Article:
ACL Injury Risk factors Video

Dr. Geier also talks about who is most likely to sustain an ACL injury.
Read the full transcript »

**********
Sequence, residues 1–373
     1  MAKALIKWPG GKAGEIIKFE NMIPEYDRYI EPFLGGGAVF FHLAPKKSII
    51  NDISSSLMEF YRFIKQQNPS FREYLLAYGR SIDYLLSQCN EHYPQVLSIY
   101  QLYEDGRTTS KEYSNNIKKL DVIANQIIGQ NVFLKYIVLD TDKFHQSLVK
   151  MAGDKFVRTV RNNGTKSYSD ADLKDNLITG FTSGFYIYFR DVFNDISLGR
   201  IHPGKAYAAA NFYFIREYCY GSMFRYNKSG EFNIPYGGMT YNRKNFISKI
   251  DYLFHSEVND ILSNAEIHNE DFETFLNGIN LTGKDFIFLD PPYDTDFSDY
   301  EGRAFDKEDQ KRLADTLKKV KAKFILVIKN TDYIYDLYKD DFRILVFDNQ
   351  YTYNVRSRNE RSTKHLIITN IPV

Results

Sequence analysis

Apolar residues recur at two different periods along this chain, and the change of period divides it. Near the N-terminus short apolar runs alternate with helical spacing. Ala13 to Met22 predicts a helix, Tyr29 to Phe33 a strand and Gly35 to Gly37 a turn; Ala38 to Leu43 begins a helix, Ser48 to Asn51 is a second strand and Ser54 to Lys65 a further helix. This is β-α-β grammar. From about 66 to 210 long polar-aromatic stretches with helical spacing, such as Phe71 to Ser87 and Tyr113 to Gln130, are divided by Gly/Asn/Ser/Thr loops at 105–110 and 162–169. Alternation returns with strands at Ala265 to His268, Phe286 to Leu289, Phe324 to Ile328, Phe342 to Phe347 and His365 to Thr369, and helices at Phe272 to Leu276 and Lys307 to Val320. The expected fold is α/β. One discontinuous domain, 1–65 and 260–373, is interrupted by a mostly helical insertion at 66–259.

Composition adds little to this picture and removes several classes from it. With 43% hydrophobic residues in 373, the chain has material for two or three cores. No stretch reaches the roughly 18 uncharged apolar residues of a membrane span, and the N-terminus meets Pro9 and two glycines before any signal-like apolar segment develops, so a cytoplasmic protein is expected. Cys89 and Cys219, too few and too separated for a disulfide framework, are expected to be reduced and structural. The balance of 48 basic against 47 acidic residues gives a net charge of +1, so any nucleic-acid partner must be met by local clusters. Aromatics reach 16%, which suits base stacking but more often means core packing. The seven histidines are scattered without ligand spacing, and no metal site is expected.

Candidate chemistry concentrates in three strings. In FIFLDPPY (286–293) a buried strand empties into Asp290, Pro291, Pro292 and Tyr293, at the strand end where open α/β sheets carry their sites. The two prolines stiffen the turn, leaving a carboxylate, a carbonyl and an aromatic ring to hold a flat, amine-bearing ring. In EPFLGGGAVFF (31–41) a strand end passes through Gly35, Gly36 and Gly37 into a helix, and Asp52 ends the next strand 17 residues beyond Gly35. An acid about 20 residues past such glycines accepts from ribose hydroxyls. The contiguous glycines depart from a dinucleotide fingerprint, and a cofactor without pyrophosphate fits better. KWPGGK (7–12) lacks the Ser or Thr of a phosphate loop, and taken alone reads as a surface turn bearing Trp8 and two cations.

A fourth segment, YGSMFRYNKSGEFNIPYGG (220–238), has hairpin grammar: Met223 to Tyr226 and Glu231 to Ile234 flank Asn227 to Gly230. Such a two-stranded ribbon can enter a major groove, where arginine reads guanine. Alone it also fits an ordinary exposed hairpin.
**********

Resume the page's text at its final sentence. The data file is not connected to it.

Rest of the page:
ACL is ligament in the center of the knee that’s responsible for stabilizing the knee. It runs for across from the thigh bone to the shinbone and it prevents the tibia, the shinbone from sliding forward under the femur or rotating. And without an ACL, you’re knee is by definition, unstable and is prone to give way with certain activities. They’re fairly common. There’s about 100,000 a year that occur nationwide or about 100,000 reconstructions. So it’s a fairly common injury nationwide. It’s typically or either your contact sports or sports where you land from a jump or a lot of cutting pivoting sports of football, soccer, basketball, that type of thing. You can get it from non-sport things but again it’s typically traumatic. It’s typically like a fall from a jump or something like that. Working in your backyard, again, you’d trip over something. I’ve had patients that have tripped over their dog or something like that and done it. But it’s pretty uncommon. I mean, it requires a fairly significant injury. And again, the other thing you have to remember is that it’s typically an injury of younger people. You know, people 14 to 30 or 40 or so. It’s an active population, usually athletes or athletic people. When it happens, I mean you typically know it. You either feel or hear a really loud pop and it swells up right away. Not just a little swelling, I mean, your knee gets really, really swollen right away. It gets stiff because it’s so swollen and you’re really hurt. The problem with an ACL, yes, it hurts initially but you give it time, you get the swelling down, most of the pain goes away. The problem with a torn ACL is this feeling that your knee buckles when you go to plant and you turn side to side cutting type activities. So, you know somebody that isn’t an athlete but all they do is walk straight forward type of things, joggers, runner, that kind of thing may do fine without an ACL because that’s not where your ACL really functions. But if they do a lot of cutting side to side, they’re going to have eventually have their knee give way. That’s why in your lead athletes, football players, soccer players, basketball players, you know that do a lot of landing from jumps to cutting side to side. They can’t function without an ACL because their knee is going to start giving way. The problem with your knee giving way is that every time your knee buckles like that, you can do more damage to it. You can damage the cartilage on the ends of the bones; damage the meniscus, that kind of thing. So young person especially young active person or lead athlete, you almost always reconstruct it.

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